Successful Use of Endoscopic Argon Plasma Coagulation for Hemorrhagic Radiation Cystitis: A Case Report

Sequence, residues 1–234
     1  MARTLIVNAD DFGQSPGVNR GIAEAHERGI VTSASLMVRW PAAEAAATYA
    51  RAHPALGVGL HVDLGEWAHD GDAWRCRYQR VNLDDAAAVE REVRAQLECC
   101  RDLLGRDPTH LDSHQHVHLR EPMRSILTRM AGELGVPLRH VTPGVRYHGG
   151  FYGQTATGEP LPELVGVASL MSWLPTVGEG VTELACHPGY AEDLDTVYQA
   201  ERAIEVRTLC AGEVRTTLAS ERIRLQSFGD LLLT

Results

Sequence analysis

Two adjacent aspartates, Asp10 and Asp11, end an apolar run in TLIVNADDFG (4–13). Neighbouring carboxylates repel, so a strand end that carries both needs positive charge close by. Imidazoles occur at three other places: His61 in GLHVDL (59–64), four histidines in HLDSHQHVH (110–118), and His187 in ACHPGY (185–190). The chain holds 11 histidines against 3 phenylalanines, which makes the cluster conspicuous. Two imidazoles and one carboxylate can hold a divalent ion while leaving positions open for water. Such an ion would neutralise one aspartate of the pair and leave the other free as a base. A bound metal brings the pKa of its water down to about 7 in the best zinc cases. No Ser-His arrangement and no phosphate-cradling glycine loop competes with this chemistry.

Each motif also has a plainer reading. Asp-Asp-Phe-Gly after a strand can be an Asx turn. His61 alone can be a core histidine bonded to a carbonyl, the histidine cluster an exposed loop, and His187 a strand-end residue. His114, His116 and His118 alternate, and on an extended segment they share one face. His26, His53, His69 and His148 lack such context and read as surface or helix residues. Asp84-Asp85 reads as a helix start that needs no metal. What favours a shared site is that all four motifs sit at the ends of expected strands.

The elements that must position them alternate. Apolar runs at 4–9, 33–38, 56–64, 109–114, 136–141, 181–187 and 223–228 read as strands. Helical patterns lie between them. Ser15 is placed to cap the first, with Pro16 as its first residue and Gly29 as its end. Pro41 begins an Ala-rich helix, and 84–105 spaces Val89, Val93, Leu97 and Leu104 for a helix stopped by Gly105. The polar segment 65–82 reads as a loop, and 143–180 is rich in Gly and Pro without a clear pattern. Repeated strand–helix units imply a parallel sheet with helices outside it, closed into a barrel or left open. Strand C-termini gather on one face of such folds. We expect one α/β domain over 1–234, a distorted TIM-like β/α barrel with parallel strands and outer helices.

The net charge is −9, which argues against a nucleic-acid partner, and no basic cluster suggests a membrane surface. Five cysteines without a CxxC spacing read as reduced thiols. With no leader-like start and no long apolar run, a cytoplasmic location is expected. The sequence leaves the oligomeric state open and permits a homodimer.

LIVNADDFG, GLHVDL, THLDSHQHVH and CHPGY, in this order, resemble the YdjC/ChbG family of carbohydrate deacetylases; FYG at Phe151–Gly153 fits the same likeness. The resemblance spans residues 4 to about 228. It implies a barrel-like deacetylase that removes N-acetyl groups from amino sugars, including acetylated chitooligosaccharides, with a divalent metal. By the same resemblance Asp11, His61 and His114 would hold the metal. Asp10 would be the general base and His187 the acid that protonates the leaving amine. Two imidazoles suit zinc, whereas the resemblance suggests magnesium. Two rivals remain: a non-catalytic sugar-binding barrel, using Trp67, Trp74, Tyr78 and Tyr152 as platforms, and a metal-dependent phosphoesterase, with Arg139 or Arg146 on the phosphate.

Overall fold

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Hemorrhagic radiation cystitis is an example of a typical radiotherapy-induced adverse event. However, the optimal treatment for hemorrhagic radiation cystitis is not known. There are limited data regarding the use of argon plasma coagulation for hemorrhagic radiation cystitis. Here, we present the use of argon plasma coagulation using a gastrointestinal endoscope to treat hemorrhagic radiation cystitis. The patient was a 75-year-old male patient with hemorrhagic radiation cystitis due to external beam irradiation for prostate adenocarcinoma. Six years after radiotherapy, the patient presented with macroscopic hematuria over the preceding 4 months, and laboratory investigations revealed a low hemoglobin level. The hematuria was not controlled with 2 days of bladder irrigation using normal saline. Thus, argon plasma coagulation using an upper gastrointestinal endoscope was considered for treatment of the hemorrhagic radiation cystitis. The cystoscopic examination revealed diffuse radiation cystitis with oozing telangiectasia and coagula. All of the bleeding sites and telangiectasia were coagulated using argon plasma coagulation. Following treatment, the patient's clinical symptoms improved and did not recur. The hemoglobin level also recovered. No complications associated with the treatment were observed during the 6-month follow-up period. Thus, argon plasma coagulation using a gastrointestinal endoscope is a safe and effective treatment for hemorrhagic radiation cystitis.

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